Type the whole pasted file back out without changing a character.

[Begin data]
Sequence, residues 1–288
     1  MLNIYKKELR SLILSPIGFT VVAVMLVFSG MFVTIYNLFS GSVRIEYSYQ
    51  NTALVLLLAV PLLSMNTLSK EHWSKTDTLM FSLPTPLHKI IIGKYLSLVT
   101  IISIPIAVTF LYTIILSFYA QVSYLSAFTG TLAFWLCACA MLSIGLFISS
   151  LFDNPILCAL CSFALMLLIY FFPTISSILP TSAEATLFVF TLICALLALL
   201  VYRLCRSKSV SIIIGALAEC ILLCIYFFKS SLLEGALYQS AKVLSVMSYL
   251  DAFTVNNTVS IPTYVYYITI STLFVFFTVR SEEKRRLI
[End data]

Sequence, residues 1–288
     1  MLNIYKKELR SLILSPIGFT VVAVMLVFSG MFVTIYNLFS GSVRIEYSYQ
    51  NTALVLLLAV PLLSMNTLSK EHWSKTDTLM FSLPTPLHKI IIGKYLSLVT
   101  IISIPIAVTF LYTIILSFYA QVSYLSAFTG TLAFWLCACA MLSIGLFISS
   151  LFDNPILCAL CSFALMLLIY FFPTISSILP TSAEATLFVF TLICALLALL
   201  VYRLCRSKSV SIIIGALAEC ILLCIYFFKS SLLEGALYQS AKVLSVMSYL
   251  DAFTVNNTVS IPTYVYYITI STLFVFFTVR SEEKRRLI